The thought of having problems breathing is a big cause of anxiety so it is important to say that it can be helped. Respiratory muscle weakness affects most people with MND. Attendance at the MND specialist clinic ensures regular monitoring and allows breathing muscle weakness to be identified early. As the muscles weaken, less air is drawn into the lungs. This may reduce the amount of oxygen that can be absorbed into the blood. The person may have difficulty exhaling, which then leads to the retention of carbon dioxide (hypercapnia). In this situation, the use of oxygen can lead to further respiratory depression. Oxygen should be used with caution and only following the advice of the specialist MND team. Sleeping tablets are not recommended as they may weaken the respiratory muscles further making the symptoms worse. Breathlessness can be very distressing but there are interventions that may reduce the symptoms and make the person more comfortable.
The symptoms caused by respiratory weakness may include: disturbed sleep, nightmares, fatigue, headaches, daytime sleepiness, poor concentration, voice becoming faint, weak cough, hallucinations, confusion, difficulty breathing when lying flat and feeling breathless on exertion or even while resting.
A weak cough will make it difficult to clear the throat, to cough up phlegm and mucus which may increase the risk of chest infections. Humidification and nebulisers should be considered to help loosen the secretions. Antibiotics may be necessary if there is an infection and if required muscle relaxants may be helpful in relaxing the muscles and reducing the feelings of breathlessness.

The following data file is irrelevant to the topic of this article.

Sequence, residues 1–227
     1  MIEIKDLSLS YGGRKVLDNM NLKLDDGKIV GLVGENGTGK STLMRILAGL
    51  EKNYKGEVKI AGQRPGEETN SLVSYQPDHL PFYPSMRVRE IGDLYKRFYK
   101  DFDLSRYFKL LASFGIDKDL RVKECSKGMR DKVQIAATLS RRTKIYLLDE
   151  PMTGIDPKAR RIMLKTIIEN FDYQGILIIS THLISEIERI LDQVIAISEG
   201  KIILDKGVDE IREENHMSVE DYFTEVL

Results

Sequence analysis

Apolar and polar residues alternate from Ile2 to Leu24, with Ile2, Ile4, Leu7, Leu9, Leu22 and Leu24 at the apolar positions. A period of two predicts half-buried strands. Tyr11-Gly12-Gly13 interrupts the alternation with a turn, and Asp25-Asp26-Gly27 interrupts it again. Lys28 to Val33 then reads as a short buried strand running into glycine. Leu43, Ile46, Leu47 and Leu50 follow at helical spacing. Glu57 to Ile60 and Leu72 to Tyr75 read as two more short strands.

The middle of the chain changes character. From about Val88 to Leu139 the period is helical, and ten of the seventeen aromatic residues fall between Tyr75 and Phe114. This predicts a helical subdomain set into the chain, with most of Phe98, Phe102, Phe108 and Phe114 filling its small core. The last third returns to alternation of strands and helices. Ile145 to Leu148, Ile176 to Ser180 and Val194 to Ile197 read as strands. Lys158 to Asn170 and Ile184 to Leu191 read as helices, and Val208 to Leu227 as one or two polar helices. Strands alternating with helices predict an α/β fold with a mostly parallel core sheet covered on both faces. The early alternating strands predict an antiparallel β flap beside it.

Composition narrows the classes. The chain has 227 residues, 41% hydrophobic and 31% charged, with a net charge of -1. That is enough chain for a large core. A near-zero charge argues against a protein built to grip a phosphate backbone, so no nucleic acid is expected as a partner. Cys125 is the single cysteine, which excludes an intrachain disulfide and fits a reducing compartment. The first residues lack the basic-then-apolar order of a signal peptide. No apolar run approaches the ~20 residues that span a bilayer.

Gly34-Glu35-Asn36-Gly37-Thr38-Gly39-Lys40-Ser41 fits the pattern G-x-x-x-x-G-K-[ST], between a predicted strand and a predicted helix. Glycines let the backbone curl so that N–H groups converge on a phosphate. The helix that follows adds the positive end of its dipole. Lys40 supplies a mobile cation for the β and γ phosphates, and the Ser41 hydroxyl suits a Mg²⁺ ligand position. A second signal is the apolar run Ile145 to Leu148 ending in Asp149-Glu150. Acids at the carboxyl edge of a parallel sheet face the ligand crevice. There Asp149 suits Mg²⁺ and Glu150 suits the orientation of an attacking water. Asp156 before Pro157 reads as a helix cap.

The specialist physiotherapist can advise on breathing exercises to ensure that the posture is such that it allows for as much expansion of the chest as possible.
The physiotherapist may recommend using Breath Stacking, a Lung Volume Recruitment bag or a Cough Assist, these devices support the ability of the inspiratory and expiratory muscles which may improve a person’s cough and aid secretion clearance.
Non-invasive ventilation (NIV) or Non-invasive positive pressure ventilation (NIPPV) refers to a method of providing breathing support to a person by fitting a mask specifically selected to fit your face. The mask will cover the nose and mouth and is connected to a machine that helps support the breathing muscles. NIV has been shown to improve symptoms caused by respiratory weakness, increase quality of life and prolong survival, particularly in people who are compliant in using NIV for over five hours at night during sleep. Some people may have difficulty using NIV, if they have bulbar symptoms, are unable to put on and off the mask independently and they have cognitive impairment.
Understandably, experiencing breathlessness, struggling to cough and choking on secretions and phlegm can be very frightening and may cause increased anxiety. Anxiety further affects the breathing and makes the airways tighter increasing the workload of the respiratory muscles. Anti- anxiety medication can be prescribed to reduce the feelings of anxiety and breathlessness associated with respiratory weakness. Morphine can be very helpful, relieving breathlessness and allowing greater activity.